Holographic Data Storage

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August 2012



An outstanding reference book on an exciting topic, reaching out to the 21st century's key technologies. The editors, together with leading experts in the field from both academic research and industry, bring together the latest knowledge on this technique. The book starts with an introduction on the history and fundamentals, multiplexing methods, and noise sources. The following chapters describe in detail recording media, components, channels, platforms for demonstration, and competing technologies such as classical hard disks or optical disks. More than 700 references will make this the ultimate source of information for the years to come. The book is intended for physicists, optical engineers, and executives alike.


I Introduction.- History and Physical Principles.- 1 Holographic Storage Principles.- 1.1 Redundant Storage.- 1.2 Multiplexing.- 1.3 High Data Rate.- 1.4 Rapid Access.- 1.5 Novel Functions.- 2 Historical Development.- 2.1 Bell Labs and the Digital Page.- 2.2 IBM HOSP.- 2.3 RCA Holographic Memory.- 2.4 3M Holographic Data Storage System.- 2.5 Thompson-CSF Read-Write Memory Using Angular Multiplexing.- 2.6 NEC Holographic Coding Plate or Holotablet.- 2.7 Harris-Intertype Wide-Band Recorder.- 2.8 Hitachi Holographic Video Disk.- 2.9 Optical Data Systems Holoscan.- 2.10 Holographic Storage in the Soviet Union.- 2.11 NEC Holographic Disk.- 2.12 MEI Kanji Character Generation System.- 2.13 Tamarack Multistore.- 2.14 The PRISM Test Stand.- 2.15 Stanford University.- 2.16 Holoplex Memory Device for Fingerprint Verification.- 2.17 Rockwell Read-Only Demonstrator.- 2.18 IBM DEMON.- 3 Summary.- References.- Volume Holographic Multiplexing Methods.- 1 Holographic Storage and Retrieval.- 1.1 Overview of Holographic Multiplexing Methods.- 1.2 Holographic Storage Geometries and Imaging Systems.- 2 Scattering from Volume Gratings.- 2.1 Volume Diffraction in the Born Approximation.- 2.2 Volume Diffraction of Scalar Fields.- 2.3 Volume Diffraction Calculations Using the k-Sphere Formulation.- 2.4 Visualization of the Multiplexing Methods on the Grating Space.- 2.5 Grating Manifold Motion and Fractal Multiplexing.- 3 Architectures for Holographic Memories.- 3.1 The Holographic 3-D Disk Geometry.- 3.2 The Holographic Random-Access Memory (HRAM).- 3.3 The Phase Conjugate Geometry.- 4 Summary.- References.- Fundamental Noise Sources in Volume Holographic Storage.- 1 Cross-Talk Noise.- 1.1 Theoretical Formulation.- 1.2 Cross-Talk Noise and Signal-to-Noise Ratio.- 1.3 Storage Capacity.- 2 Intrinsic Scattering Noise.- 3 Noise Gratings.- 4 Conclusion.- References.- II Recording Media.- Bit Error Rate for Holographic Data Storage.- 1 Definition of Bit Error Rate.- 2 BER in Terms of Pixel Distribution Functions.- 3 Experimental Distributions of CCD Pixel Values.- 4 Applications.- References.- Media Requirements for Digital Holographic Data Storage.- 1 Ideal Media Parameters.- 1.1 Optical Quality.- 1.2 Sensitivity.- 1.3 Dynamic Range.- 1.4 Absorption.- 1.5 Volatility.- 2 Example Materials.- 3 Stability of Stored Data.- 3.1 Dark Decay.- 3.2 Decay During Readout: Fixing.- 3.3 Two-Color Recording.- 4 Hologram Fidelity and Bit Error Rate.- 5 Conclusions.- References.- Inorganic Photorefractive Materials.- 1 Charge Transport.- 2 Storage Properties: Dark Storage Time, Response Time, Capacity, Sensitivity.- 3 Theoretical Performance Limits.- 4 Various Crystals.- 5 Nondestructive Readout.- 6 Conclusions.- References.- Hologram Fixing and Nonvolatile Storage in Photorefractive Materials.- 1 Thermally Assisted Ionic Fixing.- 1.1 Hologram Fixing and Ionic Conduction in LiNbO3.- 1.2 Lifetime of Fixed Ionic Gratings.- 1.3 High-Low Fixing.- 2 Fixing by Spontaneous Polarization Modulation.- 3 Two-Photon Holographic Recording in Stoichiometric Lithium Niobate.- 3.1 Undoped Stoichiometric Lithium Niobate.- 3.2 Doped Stoichiometric Lithium Niobate.- 3.3 Summary on Two-Photon Recording in LiNbO3 ..- References.- Two-Color Holography in Lithium Niobate.- 1 Materials.- 2 Experimental.- 3 Spectroscopy and Sensitization.- 4 Photorefractive Properties.- 4.1 Sensitivity.- 4.2 Gating Ratio.- 4.3 Dynamic Range.- 4.4 Dark Decay.- 4.5 The Role of Iron.- 5 Conclusion.- References.- Overview of Photorefractive Polymers for Holographic Data Storage.- 1 Brief History of Photorefractive Polymers.- 2 Physics and Chemistry of Photorefractive Polymers.- 2.1 Photogeneration.- 2.2 Transport.- 2.3 Index Change: Electro-Optic and Orientational Effects.- 3 Performance of Current Photorefractive Polymers.- 3.1 Spectral Sensitivity.- 3.2 Dynamic Range.- 3.3 Material Stability.- 3.4 Speed.- 3.5 Applications.- 4 Trends and Outlook.- References.- Photopolymer Systems.- 1 Introduction.- 2 Chemistry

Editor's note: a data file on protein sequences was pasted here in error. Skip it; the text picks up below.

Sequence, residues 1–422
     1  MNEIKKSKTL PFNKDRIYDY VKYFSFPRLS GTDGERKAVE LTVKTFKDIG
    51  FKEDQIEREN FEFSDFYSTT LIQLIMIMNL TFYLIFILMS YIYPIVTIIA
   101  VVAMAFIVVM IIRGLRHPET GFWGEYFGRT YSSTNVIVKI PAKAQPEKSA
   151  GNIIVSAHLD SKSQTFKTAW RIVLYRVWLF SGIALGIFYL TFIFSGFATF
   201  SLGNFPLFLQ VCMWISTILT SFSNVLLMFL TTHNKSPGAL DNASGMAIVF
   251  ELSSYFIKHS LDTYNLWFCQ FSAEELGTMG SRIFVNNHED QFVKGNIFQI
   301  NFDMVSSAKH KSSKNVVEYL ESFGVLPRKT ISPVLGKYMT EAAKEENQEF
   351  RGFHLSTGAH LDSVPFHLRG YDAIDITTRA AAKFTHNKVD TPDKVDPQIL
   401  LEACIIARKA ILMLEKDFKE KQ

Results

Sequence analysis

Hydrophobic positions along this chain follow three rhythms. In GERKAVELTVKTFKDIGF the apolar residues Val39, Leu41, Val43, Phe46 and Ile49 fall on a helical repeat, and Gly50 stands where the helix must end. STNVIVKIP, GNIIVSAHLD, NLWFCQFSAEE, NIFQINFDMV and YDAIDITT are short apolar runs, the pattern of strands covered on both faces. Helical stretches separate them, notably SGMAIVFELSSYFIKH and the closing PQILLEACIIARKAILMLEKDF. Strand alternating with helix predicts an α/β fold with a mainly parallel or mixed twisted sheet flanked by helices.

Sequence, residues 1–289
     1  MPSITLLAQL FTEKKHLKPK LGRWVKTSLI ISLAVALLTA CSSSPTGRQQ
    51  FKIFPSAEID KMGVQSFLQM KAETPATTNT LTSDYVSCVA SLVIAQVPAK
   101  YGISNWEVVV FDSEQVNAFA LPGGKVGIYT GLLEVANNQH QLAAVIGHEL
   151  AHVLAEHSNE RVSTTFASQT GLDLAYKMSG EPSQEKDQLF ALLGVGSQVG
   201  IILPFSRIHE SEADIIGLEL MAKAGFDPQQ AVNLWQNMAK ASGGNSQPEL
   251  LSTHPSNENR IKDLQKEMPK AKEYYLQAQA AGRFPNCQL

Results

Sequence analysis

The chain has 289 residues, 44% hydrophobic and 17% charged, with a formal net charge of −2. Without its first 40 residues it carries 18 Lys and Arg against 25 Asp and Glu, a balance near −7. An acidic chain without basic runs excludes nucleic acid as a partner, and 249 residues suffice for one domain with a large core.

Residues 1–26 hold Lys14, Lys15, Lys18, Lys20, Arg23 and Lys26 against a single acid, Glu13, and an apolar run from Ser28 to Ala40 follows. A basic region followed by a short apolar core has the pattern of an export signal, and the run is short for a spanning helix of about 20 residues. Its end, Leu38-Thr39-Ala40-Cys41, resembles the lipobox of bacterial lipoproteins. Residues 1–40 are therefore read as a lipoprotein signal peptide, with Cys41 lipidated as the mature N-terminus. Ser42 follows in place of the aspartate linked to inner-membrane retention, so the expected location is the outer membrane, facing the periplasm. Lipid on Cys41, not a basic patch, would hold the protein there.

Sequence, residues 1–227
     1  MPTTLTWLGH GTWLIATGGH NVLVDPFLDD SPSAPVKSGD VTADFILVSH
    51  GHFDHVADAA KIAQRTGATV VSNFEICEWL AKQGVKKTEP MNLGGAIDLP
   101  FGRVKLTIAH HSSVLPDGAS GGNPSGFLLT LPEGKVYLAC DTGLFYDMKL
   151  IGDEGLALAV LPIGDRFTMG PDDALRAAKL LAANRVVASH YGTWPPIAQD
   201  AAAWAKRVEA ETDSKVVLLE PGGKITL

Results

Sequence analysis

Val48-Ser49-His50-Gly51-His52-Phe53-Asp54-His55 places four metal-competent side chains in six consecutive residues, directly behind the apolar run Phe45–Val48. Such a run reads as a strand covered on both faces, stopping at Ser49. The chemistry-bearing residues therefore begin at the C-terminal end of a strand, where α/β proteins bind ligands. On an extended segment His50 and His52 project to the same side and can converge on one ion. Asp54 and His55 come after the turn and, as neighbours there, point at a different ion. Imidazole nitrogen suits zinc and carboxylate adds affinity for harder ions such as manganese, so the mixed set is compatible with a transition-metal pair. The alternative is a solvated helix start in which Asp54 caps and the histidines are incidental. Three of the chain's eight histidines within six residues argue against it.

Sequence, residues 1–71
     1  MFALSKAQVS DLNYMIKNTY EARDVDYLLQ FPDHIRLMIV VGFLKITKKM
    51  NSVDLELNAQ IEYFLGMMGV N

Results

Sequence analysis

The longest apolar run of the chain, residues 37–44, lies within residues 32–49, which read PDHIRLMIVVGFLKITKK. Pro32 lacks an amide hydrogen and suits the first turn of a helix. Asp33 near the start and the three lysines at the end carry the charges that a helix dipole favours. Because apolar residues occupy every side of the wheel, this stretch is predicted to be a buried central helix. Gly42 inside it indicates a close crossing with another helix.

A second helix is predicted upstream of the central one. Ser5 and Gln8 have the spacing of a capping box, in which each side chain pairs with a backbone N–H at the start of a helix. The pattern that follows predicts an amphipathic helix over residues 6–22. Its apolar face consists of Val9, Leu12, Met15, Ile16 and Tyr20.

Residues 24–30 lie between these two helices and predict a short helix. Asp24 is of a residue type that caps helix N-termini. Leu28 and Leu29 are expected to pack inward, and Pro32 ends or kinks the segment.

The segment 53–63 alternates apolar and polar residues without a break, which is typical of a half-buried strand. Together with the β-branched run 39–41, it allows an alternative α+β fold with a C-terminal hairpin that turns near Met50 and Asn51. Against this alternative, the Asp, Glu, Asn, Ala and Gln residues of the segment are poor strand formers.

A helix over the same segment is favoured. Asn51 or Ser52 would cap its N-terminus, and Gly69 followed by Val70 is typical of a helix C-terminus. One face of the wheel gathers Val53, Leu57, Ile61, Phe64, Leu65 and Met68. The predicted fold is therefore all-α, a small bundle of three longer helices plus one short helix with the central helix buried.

EAN: 9783642536809
ISBN: 3642536808
Untertitel: 'Springer Series in Optical Sciences'. Softcover reprint of the original 1st ed. 2000. Book. Sprache: Englisch.
Verlag: Springer
Erscheinungsdatum: August 2012
Seitenanzahl: 516 Seiten
Format: kartoniert
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